Sounds tiring?Yes. In the early days athletes could race non-stop but since 2011, a mandatory rest period was introduced between 23:00 and 04:00 to let them sleep. In 2013, the break was extended by 1.5 hours, from 22:30 to 05:00 for safety reasons. Anyone caught trying to gain ground in those hours is subject to a 24-hour time penalty.
Any exceptions?Yes. 2013 saw the introduction of a ‘Night Pass’, which allows athletes one opportunity to hike through the night. It can provide a strategic advantage, but all depends on when athletes choose to use it.
Official supporters are just cheering them on right?Wrong. Every athlete has an official supporter and they are the unsung heroes of the race whose job is almost as challenging as doing the race itself. Job description includes driver, chef, nurse, psychologist, meteorologist, race strategist, coach, mentor and probably a few others as well...
Where does the race go?The route traditionally begins in Salzburg and crosses the Alpine regions of Austria, Germany, Italy, Switzerland and France before ending in Monaco. Every edition sees a different route across the Alps. This year's can be seen here.
Okay, so first to Monaco wins?Yes. The first athlete to touch down in Monaco wins. The race then officially ends 48 hours later but not before 12:00 local time on July 17th. Athletes who have not reached goal before the clock stops are ranked according to the distance left to Monaco. Confused? Check out the rules.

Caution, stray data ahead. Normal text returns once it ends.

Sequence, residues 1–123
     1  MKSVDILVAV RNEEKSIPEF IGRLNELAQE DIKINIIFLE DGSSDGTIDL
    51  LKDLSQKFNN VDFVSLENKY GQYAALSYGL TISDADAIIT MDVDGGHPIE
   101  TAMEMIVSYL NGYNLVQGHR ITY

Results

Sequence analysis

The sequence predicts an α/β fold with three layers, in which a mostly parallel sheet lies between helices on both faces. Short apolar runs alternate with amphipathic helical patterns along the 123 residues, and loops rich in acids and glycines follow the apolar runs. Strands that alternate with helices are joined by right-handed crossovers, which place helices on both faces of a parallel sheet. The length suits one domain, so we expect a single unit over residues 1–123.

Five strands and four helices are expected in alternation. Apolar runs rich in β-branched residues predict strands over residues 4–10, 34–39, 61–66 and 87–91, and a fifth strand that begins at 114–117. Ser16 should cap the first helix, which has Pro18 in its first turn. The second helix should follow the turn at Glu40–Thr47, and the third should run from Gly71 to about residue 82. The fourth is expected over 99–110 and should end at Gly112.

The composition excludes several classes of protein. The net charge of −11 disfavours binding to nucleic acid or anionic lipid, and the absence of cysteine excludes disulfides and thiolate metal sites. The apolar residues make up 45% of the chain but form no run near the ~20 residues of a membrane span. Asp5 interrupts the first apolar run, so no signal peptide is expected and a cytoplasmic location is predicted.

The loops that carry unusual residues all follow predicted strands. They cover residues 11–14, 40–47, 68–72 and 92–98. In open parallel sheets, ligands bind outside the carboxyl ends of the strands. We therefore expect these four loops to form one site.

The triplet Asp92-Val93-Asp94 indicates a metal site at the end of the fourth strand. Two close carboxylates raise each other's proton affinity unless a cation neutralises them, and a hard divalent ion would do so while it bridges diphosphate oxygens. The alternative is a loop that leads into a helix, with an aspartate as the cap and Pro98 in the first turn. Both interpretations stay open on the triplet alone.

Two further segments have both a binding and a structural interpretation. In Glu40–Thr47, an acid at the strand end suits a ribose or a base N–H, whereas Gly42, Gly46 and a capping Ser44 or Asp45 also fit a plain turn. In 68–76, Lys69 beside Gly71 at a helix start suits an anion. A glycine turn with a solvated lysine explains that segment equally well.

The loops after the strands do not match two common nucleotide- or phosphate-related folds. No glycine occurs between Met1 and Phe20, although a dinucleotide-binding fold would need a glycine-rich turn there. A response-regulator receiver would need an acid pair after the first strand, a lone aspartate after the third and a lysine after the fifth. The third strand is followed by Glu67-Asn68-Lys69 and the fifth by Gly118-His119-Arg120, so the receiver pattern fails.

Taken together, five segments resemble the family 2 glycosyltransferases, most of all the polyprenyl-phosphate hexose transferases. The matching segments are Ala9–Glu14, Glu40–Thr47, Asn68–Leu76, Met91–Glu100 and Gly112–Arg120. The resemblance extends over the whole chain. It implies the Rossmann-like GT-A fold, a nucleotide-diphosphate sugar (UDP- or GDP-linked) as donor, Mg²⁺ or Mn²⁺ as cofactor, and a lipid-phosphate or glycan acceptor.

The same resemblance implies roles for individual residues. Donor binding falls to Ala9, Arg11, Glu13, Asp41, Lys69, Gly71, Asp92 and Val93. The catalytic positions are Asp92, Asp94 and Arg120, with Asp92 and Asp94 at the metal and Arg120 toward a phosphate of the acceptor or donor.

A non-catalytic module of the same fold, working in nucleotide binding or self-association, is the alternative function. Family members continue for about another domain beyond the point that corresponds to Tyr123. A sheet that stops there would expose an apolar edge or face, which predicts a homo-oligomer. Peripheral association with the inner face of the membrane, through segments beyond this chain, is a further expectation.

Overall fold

So all the action's at the front?Actually no. The 'battle at the back' can be just as fierce as athletes seek to avoid elimination. After three days and then every 48 hours the last team is pulled from the race.
How dangerous is it?While every effort is made to ensure the Red Bull X-Alps is a safe race, every athlete has to appreciate the race takes place in the mountains and accept that inherent risks are involved. Thankfully there have been no major disasters. At the start of 2013, Japanese athlete Kaoru Ogisawa crashed into a tree shortly after take-off. Fortunately most of the damage was just to his pride.
Who’s the mastermind behind all of this?That would be Austrian pilot, Red Bull Air race champion, BASE jumper, mountaineer and adventurer Hannes Arch. He developed the concept for the Red Bull X-Alps when he saw a TV documentary in which German pilot Toni Bender hiked and glided his way across the Alps. The first Red Bull X-Alps was held in 2003.